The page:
Where to Find Roseville Pottery

If you are interested in adding Roseville Pottery to your collection, there are several places where you can find it:

  • Antique Stores: Antique stores often have a collection of vintage Roseville Pottery. These stores specialize in selling antique items and may have a wide selection of Roseville Pottery pieces for you to choose from.
  • Auctions: Auctions can be a great place to find Roseville Pottery. Both online and in-person auctions often have a variety of pottery pieces available for bidding. Keep an eye out for upcoming auctions that feature Roseville Pottery.
  • Online Marketplaces: Online marketplaces such as eBay and Etsy can be treasure troves for finding Roseville Pottery. Many sellers specialize in vintage and collectible items, including Roseville Pottery. You can browse through their listings and find the pieces that catch your eye.
  • Collector Clubs: Joining a Roseville Pottery collector club can be a great way to connect with other enthusiasts and find pieces for your collection. These clubs often have trading and selling forums where members can buy and sell their pottery pieces.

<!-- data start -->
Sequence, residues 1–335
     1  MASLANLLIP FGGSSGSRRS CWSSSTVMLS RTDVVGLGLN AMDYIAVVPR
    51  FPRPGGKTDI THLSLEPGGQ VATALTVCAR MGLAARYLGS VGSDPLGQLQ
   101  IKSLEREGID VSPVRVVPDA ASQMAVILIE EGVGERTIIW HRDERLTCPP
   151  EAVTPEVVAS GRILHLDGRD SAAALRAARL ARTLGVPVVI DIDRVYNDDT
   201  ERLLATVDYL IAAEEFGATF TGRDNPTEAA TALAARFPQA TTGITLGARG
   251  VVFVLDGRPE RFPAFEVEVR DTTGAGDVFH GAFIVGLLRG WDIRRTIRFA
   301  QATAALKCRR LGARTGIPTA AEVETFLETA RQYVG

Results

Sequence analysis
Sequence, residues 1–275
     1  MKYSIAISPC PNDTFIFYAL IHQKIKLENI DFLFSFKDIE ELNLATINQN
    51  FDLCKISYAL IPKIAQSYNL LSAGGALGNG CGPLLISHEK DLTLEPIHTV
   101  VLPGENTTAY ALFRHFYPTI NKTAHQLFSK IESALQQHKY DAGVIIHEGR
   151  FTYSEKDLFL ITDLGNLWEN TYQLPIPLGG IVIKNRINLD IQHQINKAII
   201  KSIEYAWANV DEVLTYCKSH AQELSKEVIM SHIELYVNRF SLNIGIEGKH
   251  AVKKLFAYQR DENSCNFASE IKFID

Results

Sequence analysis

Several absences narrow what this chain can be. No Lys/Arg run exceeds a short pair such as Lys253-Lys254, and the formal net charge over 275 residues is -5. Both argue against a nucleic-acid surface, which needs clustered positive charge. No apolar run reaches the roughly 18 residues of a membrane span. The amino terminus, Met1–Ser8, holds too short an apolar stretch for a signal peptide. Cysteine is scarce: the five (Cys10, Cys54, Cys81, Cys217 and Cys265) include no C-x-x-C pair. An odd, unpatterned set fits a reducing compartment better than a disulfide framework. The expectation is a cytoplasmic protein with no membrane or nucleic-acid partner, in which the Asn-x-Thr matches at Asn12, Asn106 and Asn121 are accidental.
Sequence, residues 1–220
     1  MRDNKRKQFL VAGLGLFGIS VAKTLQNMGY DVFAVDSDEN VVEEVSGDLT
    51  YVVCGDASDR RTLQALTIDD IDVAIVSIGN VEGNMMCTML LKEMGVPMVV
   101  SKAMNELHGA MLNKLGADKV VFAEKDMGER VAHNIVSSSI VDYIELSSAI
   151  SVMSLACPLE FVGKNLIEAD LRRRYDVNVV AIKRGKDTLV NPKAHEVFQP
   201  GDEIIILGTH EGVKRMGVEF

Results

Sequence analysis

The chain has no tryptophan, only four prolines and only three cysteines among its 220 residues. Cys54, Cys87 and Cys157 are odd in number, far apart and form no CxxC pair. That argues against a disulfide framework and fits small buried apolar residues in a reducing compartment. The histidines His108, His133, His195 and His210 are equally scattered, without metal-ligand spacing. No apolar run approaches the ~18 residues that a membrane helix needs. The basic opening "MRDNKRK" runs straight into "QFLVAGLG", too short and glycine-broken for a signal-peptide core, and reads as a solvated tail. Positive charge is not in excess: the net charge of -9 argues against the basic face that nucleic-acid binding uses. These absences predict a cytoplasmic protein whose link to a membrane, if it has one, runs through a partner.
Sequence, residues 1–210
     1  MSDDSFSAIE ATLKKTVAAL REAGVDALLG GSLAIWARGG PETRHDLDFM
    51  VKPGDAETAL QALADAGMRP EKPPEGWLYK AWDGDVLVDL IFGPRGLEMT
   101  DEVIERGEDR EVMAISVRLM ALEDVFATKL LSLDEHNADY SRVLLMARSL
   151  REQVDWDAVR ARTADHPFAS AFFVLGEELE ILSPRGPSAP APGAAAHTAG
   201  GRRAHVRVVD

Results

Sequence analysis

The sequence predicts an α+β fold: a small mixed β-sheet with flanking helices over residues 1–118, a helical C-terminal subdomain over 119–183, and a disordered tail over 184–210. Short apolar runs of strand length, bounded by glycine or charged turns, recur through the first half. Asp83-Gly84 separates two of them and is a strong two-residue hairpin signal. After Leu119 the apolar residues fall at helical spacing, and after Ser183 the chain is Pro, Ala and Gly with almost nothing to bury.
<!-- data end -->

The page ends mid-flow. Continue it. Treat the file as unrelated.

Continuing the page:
• Antique Shows: Antique shows or flea markets are another option for finding Roseville Pottery. These events often attract a wide range of antique dealers who bring their collections for sale. You may find Roseville Pottery pieces from different eras and styles at these shows.

When purchasing Roseville Pottery, it is important to do your research and verify the authenticity of the piece. Look for marks or signatures on the pottery that indicate it is genuine Roseville Pottery. Additionally, consider the condition of the piece and any signs of damage or restoration.

No matter where you choose to find your Roseville Pottery, building a collection can be an exciting and rewarding experience. Happy hunting!


Is Roseville Pottery still being made today?